In this country, when men and women with any publicity talk about economics, the idea of 'wealth re-distribution' is pre-conditionally rejected. No serious commentator can be thought to be a re-distributionist. So, except for Republicans who use the word to accuse their Democratic counterparts, nobody brings the idea up. As a result we never talk about the idea in a serious manner. We talk about economics as technical, but the distribution of wealth as ideological. Public communication continues to be dominated by a dogmatic -- rather than an empirical -- approach to wealth. This is a problem for two reasons.
1. It reduces confidence in the efficiency of the market. Under some conditions, it is simply possible that re-distributive policies have their technical merit. The supply-siders know this: much of their credibility stems from their willingness to say precisely how their distribution of wealth -- tax cuts -- leads to efficient markets: by increasing the incentive of economic actors to generate wealth. The demand-siders tend instead to use a moral, justice-based approach. They are not as proficient in explaining how their spending programs will lead to growth. Right now President Obama should be explaining how the bill will re-create -- 're-grow' -- a vibrant middle-class of consumers. He should not call it stimulus, but a major growth package.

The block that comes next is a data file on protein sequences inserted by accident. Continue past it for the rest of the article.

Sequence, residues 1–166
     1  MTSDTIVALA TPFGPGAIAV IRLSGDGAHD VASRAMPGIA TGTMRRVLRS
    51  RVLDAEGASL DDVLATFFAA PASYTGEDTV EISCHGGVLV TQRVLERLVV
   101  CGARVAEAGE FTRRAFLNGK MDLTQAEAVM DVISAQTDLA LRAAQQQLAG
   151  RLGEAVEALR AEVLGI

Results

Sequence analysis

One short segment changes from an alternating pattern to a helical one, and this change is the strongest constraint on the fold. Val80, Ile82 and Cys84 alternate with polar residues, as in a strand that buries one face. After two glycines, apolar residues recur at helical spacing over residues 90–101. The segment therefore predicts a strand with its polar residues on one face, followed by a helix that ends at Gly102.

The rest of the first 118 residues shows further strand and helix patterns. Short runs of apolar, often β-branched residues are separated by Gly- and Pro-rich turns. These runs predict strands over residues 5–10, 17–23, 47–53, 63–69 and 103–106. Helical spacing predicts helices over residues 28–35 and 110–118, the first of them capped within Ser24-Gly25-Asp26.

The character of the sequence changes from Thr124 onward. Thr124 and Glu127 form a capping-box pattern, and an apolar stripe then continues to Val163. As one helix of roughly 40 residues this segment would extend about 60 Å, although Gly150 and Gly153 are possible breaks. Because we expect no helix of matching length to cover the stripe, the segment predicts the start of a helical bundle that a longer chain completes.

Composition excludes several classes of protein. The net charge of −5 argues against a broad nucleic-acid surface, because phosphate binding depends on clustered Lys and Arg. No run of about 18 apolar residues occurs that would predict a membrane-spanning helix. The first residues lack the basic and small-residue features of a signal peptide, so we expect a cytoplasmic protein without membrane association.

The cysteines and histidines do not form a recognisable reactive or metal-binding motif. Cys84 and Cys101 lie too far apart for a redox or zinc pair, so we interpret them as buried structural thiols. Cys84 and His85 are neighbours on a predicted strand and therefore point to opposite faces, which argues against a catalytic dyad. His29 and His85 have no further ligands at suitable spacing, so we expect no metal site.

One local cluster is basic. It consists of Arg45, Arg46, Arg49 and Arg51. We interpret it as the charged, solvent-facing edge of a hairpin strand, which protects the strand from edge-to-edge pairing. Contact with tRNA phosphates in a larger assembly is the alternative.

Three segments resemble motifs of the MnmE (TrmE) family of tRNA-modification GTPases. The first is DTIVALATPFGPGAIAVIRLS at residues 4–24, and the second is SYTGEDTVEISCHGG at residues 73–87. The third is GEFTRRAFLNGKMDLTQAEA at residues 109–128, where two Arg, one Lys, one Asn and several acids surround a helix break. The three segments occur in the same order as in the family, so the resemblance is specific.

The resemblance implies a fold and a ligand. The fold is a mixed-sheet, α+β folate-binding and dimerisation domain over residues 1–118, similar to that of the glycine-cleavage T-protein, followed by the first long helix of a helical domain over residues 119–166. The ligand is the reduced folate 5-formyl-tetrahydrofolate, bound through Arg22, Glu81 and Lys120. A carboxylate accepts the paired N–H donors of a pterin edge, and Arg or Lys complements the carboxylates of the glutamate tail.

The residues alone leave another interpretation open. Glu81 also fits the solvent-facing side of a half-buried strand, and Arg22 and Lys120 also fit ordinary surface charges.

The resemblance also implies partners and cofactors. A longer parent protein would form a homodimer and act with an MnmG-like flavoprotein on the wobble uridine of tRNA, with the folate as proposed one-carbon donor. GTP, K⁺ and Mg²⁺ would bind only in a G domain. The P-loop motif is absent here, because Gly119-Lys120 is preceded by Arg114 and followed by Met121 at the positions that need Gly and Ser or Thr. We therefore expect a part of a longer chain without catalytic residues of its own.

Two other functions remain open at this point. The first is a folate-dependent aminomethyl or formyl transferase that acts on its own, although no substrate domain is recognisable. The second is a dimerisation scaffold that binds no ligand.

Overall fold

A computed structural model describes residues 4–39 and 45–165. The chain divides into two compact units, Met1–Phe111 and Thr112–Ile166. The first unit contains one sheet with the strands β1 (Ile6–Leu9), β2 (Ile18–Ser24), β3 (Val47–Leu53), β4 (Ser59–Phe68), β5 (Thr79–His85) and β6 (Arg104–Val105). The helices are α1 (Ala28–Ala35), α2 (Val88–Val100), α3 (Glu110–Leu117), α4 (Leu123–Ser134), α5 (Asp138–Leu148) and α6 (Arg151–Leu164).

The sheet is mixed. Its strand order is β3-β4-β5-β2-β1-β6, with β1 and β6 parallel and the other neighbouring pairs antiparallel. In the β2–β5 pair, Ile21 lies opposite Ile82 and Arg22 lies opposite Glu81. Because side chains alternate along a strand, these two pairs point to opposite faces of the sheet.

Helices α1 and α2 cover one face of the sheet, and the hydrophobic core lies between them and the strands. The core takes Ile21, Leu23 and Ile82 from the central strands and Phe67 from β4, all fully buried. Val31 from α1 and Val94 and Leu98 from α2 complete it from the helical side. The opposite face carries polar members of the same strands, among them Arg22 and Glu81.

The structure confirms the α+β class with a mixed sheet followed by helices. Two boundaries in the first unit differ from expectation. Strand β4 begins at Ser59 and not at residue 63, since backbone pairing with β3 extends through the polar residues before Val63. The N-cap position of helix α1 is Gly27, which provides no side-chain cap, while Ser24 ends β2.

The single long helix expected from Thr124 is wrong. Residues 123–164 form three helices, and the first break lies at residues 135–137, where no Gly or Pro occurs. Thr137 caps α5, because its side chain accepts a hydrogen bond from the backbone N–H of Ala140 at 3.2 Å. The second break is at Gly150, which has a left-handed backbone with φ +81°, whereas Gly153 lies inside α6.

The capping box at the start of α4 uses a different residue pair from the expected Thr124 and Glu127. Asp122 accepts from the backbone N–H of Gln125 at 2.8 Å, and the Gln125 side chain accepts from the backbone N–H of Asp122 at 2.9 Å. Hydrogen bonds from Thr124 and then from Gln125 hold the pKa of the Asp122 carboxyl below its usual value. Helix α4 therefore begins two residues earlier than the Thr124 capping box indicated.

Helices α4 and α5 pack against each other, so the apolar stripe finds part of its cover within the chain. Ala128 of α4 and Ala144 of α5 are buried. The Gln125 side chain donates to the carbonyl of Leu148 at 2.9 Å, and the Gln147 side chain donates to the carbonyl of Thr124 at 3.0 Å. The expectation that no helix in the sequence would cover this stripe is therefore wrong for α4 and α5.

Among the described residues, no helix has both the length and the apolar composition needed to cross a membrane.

2. The big reason this narrow communication pattern is a problem is because it's false. Any activity by a givernment impacts the distribution of wealth. They print the money. They determine the interest rate at which they give it away. They choose who they give it to. Tax cuts, tax increases, spending programs, spending cuts -- these are all major factors in who gets their hands on America's wealth. The evil of re-distribution is a false myth we tell ourselves. Re-distribution is a banal reality. I have no problem with myths. Every society holds them. But what good are they if they ring so damn untrue?
Finally, it is remarkably brazen that at this moment we hear cries of redistribution. Are we not aware that America's wealth is now socially owned? That this massive nationalization -- we still don't quite call it that -- happened during a Republican administration? I can't help but think this American form of socialism is here to stay for a while. The need to admit the fact of re-distribution, and tackle it in a sensible and technical matter, is as great as ever.